INTRODUCTION: Two small rural towns in Australia, where medical practitioners provide primary care to the population, including emergency, anaesthetic and obstetric services, were early adopters of an innovative year-long integrated clerkship (clinical placement) designed to foster medical student skill attainment and a commitment to underserved rural communities. Primary care vocational trainees had previously trained in the region. Engaging with the university to participate in the clerkship initiative for undergraduate medical education offered the local healthcare service an opportunity to really integrate education with service...
July 2015: Rural and Remote Health
Timothy V Dubé, Robert J Schinke, Roger Strasser, Ian Couper, Nancy E Lightfoot
CONTEXT: This paper describes the transition processes experienced by Year 3 medical students during their longitudinal integrated clerkship (LIC). The authors conceptualise the stages that encompass the transition through a LIC. OBJECTIVES: The purpose of this study was to understand the perspectives of 12 Northern Ontario School of Medicine (NOSM) Year 3 medical students about their transition process. METHODS: Data were collected longitudinally through three conversational interviews with each of these students, occurring before, during and after the clerkship...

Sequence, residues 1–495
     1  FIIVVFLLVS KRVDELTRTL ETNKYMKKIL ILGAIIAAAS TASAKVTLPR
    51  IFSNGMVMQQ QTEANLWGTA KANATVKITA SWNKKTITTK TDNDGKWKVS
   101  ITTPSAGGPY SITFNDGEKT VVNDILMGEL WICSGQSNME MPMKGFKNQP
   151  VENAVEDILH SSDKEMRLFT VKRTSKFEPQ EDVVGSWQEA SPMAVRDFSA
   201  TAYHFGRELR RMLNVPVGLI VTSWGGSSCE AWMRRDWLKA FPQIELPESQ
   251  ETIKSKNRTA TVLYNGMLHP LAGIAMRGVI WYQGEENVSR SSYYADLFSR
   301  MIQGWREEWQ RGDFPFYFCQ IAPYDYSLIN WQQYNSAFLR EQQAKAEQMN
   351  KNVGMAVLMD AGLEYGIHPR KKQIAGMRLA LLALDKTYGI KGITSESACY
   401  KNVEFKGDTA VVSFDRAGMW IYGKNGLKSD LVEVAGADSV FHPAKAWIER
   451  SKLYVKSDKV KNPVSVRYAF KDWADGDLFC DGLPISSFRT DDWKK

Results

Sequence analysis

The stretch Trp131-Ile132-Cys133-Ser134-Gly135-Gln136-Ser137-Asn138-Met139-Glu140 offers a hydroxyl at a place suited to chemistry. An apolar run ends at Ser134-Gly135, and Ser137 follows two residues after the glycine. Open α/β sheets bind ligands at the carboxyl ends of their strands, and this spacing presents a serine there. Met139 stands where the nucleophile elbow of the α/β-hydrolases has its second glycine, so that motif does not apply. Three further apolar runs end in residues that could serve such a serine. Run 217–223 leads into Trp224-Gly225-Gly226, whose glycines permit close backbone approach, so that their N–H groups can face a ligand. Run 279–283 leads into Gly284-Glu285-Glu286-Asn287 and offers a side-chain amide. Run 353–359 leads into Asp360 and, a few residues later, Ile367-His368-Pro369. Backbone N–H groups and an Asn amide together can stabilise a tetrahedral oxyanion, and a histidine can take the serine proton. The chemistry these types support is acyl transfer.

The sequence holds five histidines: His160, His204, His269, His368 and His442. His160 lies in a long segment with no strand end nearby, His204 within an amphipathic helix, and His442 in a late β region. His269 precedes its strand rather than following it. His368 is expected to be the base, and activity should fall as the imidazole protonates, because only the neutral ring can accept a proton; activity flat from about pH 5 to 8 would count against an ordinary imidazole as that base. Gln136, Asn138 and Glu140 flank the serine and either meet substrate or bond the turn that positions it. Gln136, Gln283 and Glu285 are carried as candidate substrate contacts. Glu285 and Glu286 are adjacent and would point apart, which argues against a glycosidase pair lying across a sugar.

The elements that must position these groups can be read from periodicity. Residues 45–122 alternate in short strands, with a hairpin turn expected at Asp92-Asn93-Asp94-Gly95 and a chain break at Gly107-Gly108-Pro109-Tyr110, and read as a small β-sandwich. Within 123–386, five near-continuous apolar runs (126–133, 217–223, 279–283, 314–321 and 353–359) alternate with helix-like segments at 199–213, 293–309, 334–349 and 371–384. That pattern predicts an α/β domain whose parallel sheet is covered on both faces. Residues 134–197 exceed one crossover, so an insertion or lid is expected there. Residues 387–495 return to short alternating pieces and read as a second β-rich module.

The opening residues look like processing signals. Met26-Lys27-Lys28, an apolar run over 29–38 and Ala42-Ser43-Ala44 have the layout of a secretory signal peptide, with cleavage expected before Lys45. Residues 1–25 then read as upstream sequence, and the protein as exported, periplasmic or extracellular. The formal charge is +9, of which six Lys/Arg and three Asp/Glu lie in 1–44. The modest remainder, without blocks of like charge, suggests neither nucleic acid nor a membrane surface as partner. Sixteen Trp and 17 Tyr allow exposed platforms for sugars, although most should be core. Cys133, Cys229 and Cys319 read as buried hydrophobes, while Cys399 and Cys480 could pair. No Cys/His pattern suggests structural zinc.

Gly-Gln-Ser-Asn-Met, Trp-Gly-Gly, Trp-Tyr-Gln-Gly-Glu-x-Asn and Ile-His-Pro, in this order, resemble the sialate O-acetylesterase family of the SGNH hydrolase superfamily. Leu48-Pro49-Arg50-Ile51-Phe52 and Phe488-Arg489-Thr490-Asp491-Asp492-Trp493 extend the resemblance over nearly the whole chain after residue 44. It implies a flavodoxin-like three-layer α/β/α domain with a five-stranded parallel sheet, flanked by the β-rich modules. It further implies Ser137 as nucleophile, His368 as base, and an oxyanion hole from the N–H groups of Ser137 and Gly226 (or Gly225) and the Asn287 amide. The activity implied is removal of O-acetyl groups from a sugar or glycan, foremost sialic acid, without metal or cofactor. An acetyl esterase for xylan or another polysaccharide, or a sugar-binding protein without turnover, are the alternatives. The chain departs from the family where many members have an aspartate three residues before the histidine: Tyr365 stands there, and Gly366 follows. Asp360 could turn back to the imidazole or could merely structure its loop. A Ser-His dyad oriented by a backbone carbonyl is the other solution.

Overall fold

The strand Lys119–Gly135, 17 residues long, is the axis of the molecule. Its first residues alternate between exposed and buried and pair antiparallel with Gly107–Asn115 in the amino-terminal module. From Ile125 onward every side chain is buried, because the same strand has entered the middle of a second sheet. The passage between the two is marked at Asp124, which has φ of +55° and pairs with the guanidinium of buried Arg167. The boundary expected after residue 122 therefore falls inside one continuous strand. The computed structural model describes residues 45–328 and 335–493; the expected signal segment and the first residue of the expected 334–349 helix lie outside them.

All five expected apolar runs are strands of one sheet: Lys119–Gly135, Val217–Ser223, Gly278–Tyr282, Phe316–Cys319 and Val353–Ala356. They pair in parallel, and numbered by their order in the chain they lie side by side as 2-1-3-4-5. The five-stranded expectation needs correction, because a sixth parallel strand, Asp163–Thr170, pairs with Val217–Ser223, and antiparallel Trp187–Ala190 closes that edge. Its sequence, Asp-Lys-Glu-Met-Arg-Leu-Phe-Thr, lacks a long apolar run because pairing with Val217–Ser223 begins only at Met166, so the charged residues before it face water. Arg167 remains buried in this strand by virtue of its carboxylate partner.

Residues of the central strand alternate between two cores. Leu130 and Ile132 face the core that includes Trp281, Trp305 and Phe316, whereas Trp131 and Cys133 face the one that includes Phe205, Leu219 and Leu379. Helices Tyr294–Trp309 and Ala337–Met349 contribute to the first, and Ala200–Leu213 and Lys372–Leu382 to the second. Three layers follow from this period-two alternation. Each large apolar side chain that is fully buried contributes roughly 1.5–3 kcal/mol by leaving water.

October 2015: Medical Education
Jennene A Greenhill, Judi Walker, Denese Playford
INTRODUCTION: The establishment of the rural clinical schools funded through the Commonwealth Department of Health and Ageing (now Department of Health) Rural Clinical Training and Support program over a decade ago has been a significant policy initiative in Australian rural health. This article explores the impacts of this policy initiative and presents the wide range of educational innovations contextualised to each rural community they serve. METHODS: This article reviews the achievements of the Australian rural clinical and regional medical schools (RCS/RMS) through semi-structured interviews with the program directors or other key informants...
July 2015: Rural and Remote Health
Jordan White, Alison Riese, Brian Clyne, Marcia W Vanvleet, Paul George
Population and Clinical Medicine (PCM) I & II constitute two of the nine courses established for the Warren Alpert Medical School of Brown University's (AMS) innovative dual-degree Primary Care-Population Medicine (PC-PM) program. The courses will run consecutively during students' third year in the program, in conjunction with the Longitudinal Integrated Clerkship (LIC). Throughout the courses, students will examine the intersection between population and clinical medicine with a focus on vulnerable populations, the social and community context of care, quality improvement, and leadership...
September 1, 2015: Rhode Island Medical Journal